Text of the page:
Doing business in India? Go to school first
Thursday, 29 May 2008

REUTERS, NEW DELHI- When foreigners complain to her that Indians are liars, Ranjini Manian often tells them what's actually upsetting them is a simple clash of cultures.

The accusation is common among expatriates stumped by the Indian way of doing business and one that Manian tries to counter with the help of Global Adjustments, one of a few firms offering cross-cultural services in the world's third biggest economy.

"Foreigners can't understand why Indians don't say 'yes' and 'no' clearly," Manian, the firm's CEO, told Reuters.

"We tell them Indians have a hard time using the word 'no'. There is this tendency to want to save face, (but) a polite 'I'll try my best' is not good enough."

Manian, 47, founded Global Adjustments in 1995, soon after helping the wife of a U.S. diplomat adjust to life with a baby in India. Now her Chennai-based firm mostly caters to clients from multinational firms such as Nokia.

Multinational corporations are rushing in to take advantage of India's startling economic growth, bringing in armies of expatriates and their families.

For newcomers, the contrasts of India can be unnerving.

"They are likely to find a BMW next to a bullock cart," says Manian. "And they have been given a scary picture of all the diseases in India."

Security in the country, with its billion-plus inhabitants, is also a cause for concern for many foreigners. And having heard that Indians tend to be conservative, some women cover themselves "head-to-toe" in the summer heat.

"They end up having heatstroke and getting sick in the first week," says Manian. And men sometimes come across as insensitive when shaking hands with gusto with Indian women, she added.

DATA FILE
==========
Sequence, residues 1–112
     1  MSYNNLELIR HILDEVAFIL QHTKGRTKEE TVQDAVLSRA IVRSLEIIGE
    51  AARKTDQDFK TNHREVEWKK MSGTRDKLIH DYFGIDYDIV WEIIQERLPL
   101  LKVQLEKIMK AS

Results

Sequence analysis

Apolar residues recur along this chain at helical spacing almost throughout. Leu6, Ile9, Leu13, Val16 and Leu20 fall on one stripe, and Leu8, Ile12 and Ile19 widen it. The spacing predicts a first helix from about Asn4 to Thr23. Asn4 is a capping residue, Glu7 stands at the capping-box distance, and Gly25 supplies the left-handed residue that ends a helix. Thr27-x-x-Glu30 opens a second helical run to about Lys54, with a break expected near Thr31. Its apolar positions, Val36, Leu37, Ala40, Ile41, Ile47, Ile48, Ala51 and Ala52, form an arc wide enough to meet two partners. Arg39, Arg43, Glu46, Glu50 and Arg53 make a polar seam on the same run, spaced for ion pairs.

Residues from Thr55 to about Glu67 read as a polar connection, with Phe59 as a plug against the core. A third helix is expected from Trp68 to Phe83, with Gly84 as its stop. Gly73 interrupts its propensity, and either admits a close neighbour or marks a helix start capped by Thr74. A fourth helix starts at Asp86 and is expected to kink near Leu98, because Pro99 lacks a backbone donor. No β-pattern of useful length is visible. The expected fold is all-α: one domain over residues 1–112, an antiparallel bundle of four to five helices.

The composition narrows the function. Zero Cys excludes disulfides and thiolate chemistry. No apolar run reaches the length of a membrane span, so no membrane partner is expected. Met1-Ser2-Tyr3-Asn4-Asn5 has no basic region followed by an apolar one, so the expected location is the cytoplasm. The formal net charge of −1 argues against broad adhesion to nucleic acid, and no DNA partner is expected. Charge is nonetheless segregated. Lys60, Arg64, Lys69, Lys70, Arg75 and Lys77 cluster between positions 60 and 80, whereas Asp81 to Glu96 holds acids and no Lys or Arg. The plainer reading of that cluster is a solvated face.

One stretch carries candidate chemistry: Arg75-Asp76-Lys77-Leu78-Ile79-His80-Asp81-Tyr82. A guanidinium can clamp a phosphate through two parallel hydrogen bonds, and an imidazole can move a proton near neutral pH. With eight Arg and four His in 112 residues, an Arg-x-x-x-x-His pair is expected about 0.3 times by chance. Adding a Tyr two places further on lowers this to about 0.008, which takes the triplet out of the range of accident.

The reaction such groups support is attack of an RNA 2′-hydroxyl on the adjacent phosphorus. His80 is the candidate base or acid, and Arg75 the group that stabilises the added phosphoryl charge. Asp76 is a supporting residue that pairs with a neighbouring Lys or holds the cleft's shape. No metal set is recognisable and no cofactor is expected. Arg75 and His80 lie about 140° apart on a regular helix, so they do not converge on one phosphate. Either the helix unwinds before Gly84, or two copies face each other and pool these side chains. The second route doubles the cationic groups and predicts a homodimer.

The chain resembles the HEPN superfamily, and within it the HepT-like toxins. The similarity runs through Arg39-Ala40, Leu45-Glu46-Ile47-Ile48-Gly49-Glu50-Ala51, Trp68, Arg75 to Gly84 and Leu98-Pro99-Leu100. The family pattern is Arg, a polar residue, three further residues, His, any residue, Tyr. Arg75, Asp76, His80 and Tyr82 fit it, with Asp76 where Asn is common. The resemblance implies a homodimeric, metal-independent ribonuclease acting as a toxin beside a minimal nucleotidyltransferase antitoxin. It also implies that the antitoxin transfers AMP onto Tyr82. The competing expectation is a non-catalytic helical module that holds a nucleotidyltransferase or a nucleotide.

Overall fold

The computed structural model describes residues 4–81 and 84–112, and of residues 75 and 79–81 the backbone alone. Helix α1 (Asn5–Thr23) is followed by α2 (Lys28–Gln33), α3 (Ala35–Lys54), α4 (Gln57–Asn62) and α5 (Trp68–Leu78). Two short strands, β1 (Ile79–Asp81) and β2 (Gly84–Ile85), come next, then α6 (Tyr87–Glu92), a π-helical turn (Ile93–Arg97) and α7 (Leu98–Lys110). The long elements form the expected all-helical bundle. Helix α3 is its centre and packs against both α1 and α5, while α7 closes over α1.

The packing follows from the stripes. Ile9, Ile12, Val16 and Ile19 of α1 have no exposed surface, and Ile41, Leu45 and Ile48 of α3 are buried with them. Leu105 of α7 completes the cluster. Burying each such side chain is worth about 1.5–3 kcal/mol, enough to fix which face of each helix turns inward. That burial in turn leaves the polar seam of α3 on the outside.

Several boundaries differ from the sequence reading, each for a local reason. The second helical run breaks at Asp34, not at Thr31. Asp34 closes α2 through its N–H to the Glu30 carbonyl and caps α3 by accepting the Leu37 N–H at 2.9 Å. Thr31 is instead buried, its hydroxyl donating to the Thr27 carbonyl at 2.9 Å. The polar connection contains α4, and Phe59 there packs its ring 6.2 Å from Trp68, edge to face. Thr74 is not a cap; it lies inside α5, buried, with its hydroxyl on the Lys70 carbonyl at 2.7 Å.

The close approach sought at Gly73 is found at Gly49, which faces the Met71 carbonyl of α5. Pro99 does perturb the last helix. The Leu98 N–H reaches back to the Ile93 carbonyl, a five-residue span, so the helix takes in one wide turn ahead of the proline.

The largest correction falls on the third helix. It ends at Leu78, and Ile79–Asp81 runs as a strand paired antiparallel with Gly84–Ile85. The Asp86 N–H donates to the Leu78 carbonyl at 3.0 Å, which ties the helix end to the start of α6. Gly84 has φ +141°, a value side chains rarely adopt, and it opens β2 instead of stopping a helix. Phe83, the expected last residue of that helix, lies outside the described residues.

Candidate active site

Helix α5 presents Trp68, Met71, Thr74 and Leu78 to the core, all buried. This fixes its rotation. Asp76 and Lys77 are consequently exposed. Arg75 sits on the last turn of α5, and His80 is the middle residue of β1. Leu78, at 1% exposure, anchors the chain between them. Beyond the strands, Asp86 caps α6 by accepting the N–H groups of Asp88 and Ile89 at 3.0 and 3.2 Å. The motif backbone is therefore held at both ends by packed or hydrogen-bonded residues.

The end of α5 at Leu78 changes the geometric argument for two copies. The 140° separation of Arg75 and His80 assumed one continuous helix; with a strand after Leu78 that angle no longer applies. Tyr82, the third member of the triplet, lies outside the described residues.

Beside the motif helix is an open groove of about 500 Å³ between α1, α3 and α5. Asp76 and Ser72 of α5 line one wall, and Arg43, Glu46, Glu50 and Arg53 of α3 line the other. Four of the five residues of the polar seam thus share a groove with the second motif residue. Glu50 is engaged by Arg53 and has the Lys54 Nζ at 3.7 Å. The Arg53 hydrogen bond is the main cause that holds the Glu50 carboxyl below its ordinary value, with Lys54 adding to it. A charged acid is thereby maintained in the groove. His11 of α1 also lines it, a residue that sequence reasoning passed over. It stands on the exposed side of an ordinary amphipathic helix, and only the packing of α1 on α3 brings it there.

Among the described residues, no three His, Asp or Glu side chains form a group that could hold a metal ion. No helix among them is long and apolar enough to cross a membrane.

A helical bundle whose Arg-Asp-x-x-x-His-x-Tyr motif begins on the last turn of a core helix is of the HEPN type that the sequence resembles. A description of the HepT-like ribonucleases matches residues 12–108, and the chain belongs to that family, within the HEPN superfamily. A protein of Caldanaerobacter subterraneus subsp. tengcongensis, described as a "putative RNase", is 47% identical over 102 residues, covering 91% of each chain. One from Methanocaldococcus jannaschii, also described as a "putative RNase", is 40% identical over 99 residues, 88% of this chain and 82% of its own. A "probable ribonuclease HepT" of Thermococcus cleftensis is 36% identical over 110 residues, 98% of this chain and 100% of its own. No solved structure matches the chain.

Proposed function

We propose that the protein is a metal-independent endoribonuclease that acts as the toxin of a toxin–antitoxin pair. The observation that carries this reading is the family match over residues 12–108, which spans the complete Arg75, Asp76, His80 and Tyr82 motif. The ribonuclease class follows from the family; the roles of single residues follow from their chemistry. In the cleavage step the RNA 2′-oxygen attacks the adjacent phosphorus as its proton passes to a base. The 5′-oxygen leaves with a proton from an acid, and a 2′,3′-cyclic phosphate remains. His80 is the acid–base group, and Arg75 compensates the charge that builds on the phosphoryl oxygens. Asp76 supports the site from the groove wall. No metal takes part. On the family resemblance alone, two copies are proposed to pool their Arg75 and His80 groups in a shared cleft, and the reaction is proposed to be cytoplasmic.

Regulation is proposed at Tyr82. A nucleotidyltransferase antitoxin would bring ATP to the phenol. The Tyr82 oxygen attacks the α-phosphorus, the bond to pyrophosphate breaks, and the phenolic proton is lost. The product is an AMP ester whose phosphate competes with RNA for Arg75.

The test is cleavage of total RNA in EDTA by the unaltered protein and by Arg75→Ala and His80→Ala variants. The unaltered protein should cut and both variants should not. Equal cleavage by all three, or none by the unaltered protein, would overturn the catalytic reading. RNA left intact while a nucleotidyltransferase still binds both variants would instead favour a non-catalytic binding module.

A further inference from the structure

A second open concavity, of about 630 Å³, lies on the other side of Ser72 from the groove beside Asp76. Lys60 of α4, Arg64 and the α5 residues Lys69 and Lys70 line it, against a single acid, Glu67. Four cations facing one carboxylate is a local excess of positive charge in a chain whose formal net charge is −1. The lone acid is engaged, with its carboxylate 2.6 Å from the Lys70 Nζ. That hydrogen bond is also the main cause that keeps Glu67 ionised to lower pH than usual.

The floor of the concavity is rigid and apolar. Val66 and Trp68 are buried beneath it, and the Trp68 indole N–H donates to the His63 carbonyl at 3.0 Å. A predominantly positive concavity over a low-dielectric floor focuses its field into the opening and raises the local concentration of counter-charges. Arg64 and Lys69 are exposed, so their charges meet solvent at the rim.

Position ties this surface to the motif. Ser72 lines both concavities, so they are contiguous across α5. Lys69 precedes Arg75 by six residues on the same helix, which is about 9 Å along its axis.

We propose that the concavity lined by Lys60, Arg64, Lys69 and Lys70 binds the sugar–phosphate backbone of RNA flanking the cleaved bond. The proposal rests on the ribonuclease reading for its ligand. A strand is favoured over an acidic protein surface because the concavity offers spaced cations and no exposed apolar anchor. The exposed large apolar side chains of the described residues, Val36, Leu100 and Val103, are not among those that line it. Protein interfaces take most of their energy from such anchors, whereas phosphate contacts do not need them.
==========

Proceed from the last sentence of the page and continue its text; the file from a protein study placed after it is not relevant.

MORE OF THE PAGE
ADJUSTING TO INDIA

At Global Adjustments, expatriates are introduced to India's diversity and traditions, taught to avoid faux pas and adapt to workplace situations through simulations and role-play.

Manian advises her clients to watch out for warning signs that could jeopardize their business -- if their Indian counterpart avoids the topic or asks another question, chances are he won't be able to meet a deadline.

Deals can also fall through if foreigners do not take time to build a "relationship of trust", something that Indians tend to take for granted, she said.

Manian recalls how a joint venture between an American and an Indian industrialist was scrapped because the foreigner was too eager to finalize the deal and this was taken as an insult.

Visits to Indian homes and places of worship are also part of the course, which costs more than 40,000 rupees ($,1000), depending on its duration and number of participants.

Food tends to be a stumbling block for many clients.

"They see anything red and think it's super spicy," says Manian, describing the predicament of some American clients from Texas, who had arrived in India without ever having sampled the country's cuisine.

The course also teaches clients to eat with their hands -- although not everyone relishes the task. "They have a hard time dealing with touching their food," she said.

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